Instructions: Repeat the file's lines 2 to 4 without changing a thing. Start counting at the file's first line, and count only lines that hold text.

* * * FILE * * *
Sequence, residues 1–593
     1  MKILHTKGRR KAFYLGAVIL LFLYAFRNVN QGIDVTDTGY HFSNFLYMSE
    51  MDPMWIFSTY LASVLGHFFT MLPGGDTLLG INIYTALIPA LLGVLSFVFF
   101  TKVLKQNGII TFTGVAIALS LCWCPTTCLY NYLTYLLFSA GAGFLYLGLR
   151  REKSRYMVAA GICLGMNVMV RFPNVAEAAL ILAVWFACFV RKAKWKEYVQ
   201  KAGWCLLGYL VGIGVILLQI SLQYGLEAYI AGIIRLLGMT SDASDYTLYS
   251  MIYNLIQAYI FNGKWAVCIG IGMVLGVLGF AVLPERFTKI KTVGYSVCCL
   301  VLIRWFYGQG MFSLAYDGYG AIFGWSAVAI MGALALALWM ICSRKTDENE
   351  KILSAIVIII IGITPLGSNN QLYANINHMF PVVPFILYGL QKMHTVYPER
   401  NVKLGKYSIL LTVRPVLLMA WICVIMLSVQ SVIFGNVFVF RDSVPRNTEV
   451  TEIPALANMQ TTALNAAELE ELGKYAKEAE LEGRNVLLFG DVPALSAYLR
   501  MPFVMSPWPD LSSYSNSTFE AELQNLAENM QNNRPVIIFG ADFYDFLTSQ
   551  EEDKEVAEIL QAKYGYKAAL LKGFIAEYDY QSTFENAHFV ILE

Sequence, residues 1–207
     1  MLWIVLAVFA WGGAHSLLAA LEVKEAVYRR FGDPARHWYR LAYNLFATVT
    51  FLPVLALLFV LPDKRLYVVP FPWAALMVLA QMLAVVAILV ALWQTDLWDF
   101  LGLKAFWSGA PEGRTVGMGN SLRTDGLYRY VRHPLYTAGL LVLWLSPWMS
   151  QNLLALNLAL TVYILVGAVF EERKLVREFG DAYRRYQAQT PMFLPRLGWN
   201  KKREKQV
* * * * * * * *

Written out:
     1  MKILHTKGRR KAFYLGAVIL LFLYAFRNVN QGIDVTDTGY HFSNFLYMSE
    51  MDPMWIFSTY LASVLGHFFT MLPGGDTLLG INIYTALIPA LLGVLSFVFF
   101  TKVLKQNGII TFTGVAIALS LCWCPTTCLY NYLTYLLFSA GAGFLYLGLR